Labor Day is meant to honor the American worker, and at this moment, most American workers could use some high-fives.
American jobs are being disrupted by automation, shipped off to other nations or changed in ways that require constant re-education. Wages are stagnant. CEO pay is soaring. Unions and workplace protections are under constant attack and there are rules working their way through this administration that will make it harder to get overtime pay or even a fair shake if you’re gay, disabled or female.
It is a privilege, to be able to make a contribution.
Worse, you might be holding onto that job a lot longer than you planned because other rule changes are allowing financial advisers to pledge allegiance to their brokerage firm’s welfare instead of yours.
This White House has so far done little to fulfill its vow to restore the U.S. working class to “greatness.” And as our climate deteriorates, it’s unclear what kind of economy will remain for our children. Hurricane Harvey was supposedly a “rare” Category 4 storm, but there’s already another one forming off the coast of South America. Hello, Irma.
Yet there are consolations, especially in California. Unemployment here is less than 5 percent, and some real gains have been made in pay equity laws to rising minimum wages. There are jobs, many of them green, where only a decade ago, pink slips littered the landscape.
The American Dream has always required grit to obtain. And Americans learned a long time ago that if you can’t find work, you make your own. We also learned not to judge the worth of our effort through headlines about Dow Jones averages or Wall Street bonuses.
Here in Northern California, for example, we can raise a Labor Day toast to the workers who managed to keep our levees from letting go last winter, or who shored up the Oroville Dam in the nick of time. We can salute the farm workers harvesting bumper crops of almonds, wine grapes and tomatoes. We can polish some apples for the teachers welcoming California children back to school.
We can be grateful for the scientists and researchers who, in some cases, risked their careers to protect government climate data. We can thank those who rescue those who challenged our swollen rivers this year and those who provide the power for our air conditioners as we simmer in this relentlessly hot summer.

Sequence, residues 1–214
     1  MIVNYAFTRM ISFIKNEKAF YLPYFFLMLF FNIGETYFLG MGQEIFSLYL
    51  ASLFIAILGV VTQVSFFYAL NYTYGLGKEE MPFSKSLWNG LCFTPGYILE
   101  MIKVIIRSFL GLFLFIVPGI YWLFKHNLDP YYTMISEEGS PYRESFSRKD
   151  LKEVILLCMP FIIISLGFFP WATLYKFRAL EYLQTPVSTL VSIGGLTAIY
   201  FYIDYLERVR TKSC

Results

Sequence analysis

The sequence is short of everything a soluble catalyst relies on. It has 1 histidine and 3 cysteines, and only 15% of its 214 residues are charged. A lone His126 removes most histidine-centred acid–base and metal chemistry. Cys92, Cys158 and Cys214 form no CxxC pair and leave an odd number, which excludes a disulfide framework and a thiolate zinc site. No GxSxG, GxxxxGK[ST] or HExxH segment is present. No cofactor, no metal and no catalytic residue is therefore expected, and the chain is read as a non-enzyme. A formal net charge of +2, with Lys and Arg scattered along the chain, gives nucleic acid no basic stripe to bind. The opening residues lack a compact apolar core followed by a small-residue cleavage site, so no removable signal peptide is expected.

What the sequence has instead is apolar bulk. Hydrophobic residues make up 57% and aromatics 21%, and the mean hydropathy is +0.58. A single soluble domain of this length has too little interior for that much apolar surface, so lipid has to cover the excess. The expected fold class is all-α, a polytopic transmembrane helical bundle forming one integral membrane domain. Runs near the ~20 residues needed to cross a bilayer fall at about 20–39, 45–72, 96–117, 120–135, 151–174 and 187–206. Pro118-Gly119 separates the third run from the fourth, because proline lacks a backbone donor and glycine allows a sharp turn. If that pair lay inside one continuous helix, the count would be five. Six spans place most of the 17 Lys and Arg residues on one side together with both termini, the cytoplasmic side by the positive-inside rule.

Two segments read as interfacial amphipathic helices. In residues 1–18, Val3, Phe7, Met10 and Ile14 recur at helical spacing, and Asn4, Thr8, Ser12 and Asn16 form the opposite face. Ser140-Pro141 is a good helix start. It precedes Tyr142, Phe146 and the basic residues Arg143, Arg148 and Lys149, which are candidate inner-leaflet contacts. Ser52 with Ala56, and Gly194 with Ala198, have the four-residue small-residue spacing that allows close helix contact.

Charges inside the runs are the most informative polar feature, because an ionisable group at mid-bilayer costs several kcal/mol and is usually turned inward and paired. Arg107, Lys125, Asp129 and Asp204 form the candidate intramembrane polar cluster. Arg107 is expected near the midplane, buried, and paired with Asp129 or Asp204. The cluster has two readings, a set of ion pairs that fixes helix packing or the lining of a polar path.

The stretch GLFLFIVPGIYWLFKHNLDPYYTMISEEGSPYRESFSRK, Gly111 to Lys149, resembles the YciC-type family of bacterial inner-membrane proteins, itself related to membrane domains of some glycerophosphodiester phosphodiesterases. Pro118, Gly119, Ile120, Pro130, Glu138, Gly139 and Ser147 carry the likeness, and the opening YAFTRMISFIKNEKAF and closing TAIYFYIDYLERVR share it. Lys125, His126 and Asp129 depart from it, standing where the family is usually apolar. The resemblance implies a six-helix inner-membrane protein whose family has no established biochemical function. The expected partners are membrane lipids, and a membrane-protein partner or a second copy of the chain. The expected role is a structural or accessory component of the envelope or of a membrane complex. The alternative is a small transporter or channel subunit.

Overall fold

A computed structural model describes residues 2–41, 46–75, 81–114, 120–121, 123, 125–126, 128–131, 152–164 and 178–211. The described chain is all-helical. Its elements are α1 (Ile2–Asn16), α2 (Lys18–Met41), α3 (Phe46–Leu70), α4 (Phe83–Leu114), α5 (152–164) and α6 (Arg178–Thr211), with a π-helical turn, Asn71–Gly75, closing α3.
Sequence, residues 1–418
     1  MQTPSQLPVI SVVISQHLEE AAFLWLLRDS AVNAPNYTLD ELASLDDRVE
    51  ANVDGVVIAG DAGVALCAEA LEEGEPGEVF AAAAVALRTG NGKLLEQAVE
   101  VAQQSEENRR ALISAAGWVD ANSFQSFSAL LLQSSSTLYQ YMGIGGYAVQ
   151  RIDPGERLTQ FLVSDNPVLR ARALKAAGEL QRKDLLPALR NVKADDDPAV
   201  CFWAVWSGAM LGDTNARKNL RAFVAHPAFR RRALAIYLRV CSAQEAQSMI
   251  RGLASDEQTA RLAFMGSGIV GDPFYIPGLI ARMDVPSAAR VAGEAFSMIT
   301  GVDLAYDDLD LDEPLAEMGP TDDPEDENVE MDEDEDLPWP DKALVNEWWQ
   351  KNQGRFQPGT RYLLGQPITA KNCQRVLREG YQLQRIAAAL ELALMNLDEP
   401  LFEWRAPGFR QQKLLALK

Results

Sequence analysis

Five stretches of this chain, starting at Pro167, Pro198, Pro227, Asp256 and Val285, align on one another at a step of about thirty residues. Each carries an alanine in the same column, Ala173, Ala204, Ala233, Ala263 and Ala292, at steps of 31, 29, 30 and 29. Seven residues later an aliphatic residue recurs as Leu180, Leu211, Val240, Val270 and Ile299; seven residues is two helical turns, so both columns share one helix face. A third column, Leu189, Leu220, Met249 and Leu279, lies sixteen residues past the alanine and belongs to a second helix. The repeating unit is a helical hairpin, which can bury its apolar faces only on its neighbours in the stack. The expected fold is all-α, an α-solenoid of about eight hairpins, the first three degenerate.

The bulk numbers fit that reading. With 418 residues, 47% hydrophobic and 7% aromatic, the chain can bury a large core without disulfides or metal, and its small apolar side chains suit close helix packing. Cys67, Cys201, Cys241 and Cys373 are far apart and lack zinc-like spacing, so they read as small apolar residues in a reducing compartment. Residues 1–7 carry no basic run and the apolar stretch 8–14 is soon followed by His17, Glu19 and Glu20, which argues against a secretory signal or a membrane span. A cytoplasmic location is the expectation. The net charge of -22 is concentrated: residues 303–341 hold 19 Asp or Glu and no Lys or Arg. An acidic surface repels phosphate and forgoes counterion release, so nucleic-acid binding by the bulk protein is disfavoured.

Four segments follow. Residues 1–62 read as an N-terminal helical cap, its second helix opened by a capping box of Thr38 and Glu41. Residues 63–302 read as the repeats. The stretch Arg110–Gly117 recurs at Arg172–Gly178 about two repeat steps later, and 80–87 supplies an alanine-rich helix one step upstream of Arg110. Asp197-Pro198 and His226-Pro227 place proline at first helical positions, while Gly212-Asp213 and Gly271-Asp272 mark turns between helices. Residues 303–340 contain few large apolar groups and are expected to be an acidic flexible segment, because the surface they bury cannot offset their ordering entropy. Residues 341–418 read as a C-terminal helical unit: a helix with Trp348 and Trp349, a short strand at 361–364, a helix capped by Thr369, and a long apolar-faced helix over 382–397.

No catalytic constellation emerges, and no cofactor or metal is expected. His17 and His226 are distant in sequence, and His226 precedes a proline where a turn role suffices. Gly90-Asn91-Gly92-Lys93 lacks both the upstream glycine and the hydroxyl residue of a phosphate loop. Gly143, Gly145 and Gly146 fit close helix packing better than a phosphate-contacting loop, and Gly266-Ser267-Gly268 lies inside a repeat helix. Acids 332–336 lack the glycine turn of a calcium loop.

As we bemoan our own discomfort, think of the firefighters standing the lines from Yosemite to Shasta. If you’re not grateful for the work they’re doing, you’re not grateful enough.
If you want to show a little gratitude, and we hope you do, consider giving to the nonprofits that would not exist were it not for the toil of low-paid staff and unpaid volunteers. There’s certainly no shortage of need on this Labor Day.
Then, after sharing our bounty, it’s time to relax. After all, you’ve earned it.
Giving to Help Harvey Victims
There’s no shortage of need for the victims of Hurricane Harvey, and the need is expected to grow. Remember, your contribution is tax deductible only if it goes through a registered non-profit; otherwise it’s considered a gift. Here are some ways to give.
- The American Red Cross: Go to redcross.org or call 800-RED-CROSS.
- Text $10 by sending a text message “REDCROSS” to number 90999 or use your iTunes app to send $5 to $200.
- United Way: Text the word UWFLOOD to 41444 to donate to the United Way Flood Relief Fund.
- Salvation Army: Hurricane relief efforts can be made at helpsalvationarmy.org or by calling 800-SAL-ARMY.
- GoFundMe has coordinated pages with dozens of worthy causes.
- Catholic Charities has destination page: https://catholiccharities.org
- Americares provides specific medical help.